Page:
The epicenter of the Mozart-products blitz is the legendary composer's birthplace of Salzburg, Austria, but even neighboring countries have been engulfed by everything from Mozart yogurt to violin-shaped sausages. There is even talk of a bra that plays Mozart's "A Little Night Music" when unfastened, but Advertising Age was unable to confirm its existence.
An Austrian dairy, Alpenmilch Salzburg, is marketing Mozart yogurt and a Mozart drink flavored with marzipan, chocolate and nougat under its SalzburgerLand label. After starting in Austria, both dairy products are being sold in neighboring Hungary, the Czech Republic and southern Germany, and distribution may extend to Belgium and the Netherlands. There isn't much advertising but the packaging is heavily Mozartian.
In one marketing battle over Mozart-branded meat, a 28-year-old Salzburg butcher named Stefan Fuchs seems to have the edge with an innovative product and Web site. "I dreamed the idea of a Mozart's violin-shaped sausage made of beef and pork with pistachios," Mr. Fuchs said.
His bilingual Web site in German and English (mozartshausmarke.com) provides a lengthy Mozart bio and pushes sausage e-commerce. One corner of the home page is dedicated to "The Symphony of the Sausage." Elsewhere he refers to the violin-shaped sausage as "Art in a different form." His online product description includes Mr. Fuchs' optimistic belief that "Mozart would like this sausage, too!"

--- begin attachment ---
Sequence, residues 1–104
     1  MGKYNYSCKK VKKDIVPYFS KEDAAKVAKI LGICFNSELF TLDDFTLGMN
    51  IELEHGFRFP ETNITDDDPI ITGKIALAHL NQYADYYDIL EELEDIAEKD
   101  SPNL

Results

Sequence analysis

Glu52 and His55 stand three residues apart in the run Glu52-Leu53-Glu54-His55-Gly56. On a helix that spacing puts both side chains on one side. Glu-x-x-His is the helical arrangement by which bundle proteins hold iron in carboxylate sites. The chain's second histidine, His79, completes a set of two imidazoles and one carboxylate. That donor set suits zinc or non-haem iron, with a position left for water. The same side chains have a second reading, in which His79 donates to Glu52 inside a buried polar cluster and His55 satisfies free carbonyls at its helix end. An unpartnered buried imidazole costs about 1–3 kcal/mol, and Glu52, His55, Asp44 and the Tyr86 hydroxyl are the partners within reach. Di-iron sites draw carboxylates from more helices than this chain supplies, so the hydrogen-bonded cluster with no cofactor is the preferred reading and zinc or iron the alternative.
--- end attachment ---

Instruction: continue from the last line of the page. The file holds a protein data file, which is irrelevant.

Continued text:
Mr. Fuchs has found a butcher-partner and hopes that together they can sell their Mozart sausage in neighboring countries and maybe around the world.
Meanwhile, a rival butcher shop called Wiesenbach in Vienna has introduced Mozart beef and pork products packaged with a picture of Mozart and musical notes with the slogan "Pleasure of the palates."
The oldest and most authentic Mozart product of all is the traditional Mozart Ball, or Mozart Kugel, little chocolate-covered balls of marzipan and nougat made in Salzburg since 1890 by a company that is now Kraft Foods' Mirabell.
"We hope to profit from the Mozart 2006 boom," said a spokeswoman at Kraft Foods Mirabell. She declined to discuss sales but noted that the company has increased its sponsorship of the International Mozarteum Foundation, an organization in Salzburg dedicated to all things Mozart.
And of course the Austrian Tourist Office's international ad campaign by Lowe GGK, Vienna, modestly intended to lure up to 5% more tourists to Austria this year, features a big picture of Mozart.
"Mozart became a superstar because his music appeals to everyone, whether he is a music lover or a simple butcher, that's why his music is played around the globe more than any other composer," said Mariusz Jan Demner, a partner at Austria's biggest ad agency Demner Merlicek & Bergmann, Vienna.
Mr. Demner's own agency poked fun at the Mozart mania in a campaign promoting Vienna's annual Festival Week, which this year will consist entirely of music composed by Mozart. The print ad shows a portrait of the composer doctored so it looks like he's rolling his eyes.
"Mozart stands for a perfect world in contrast to terrorism and unemployment, that's the reason for the hype," said Bernd M. Michael, an adviser to Grey Global Germany. "And marketers seize trends to jump on because of the big media coverage. It's less expensive."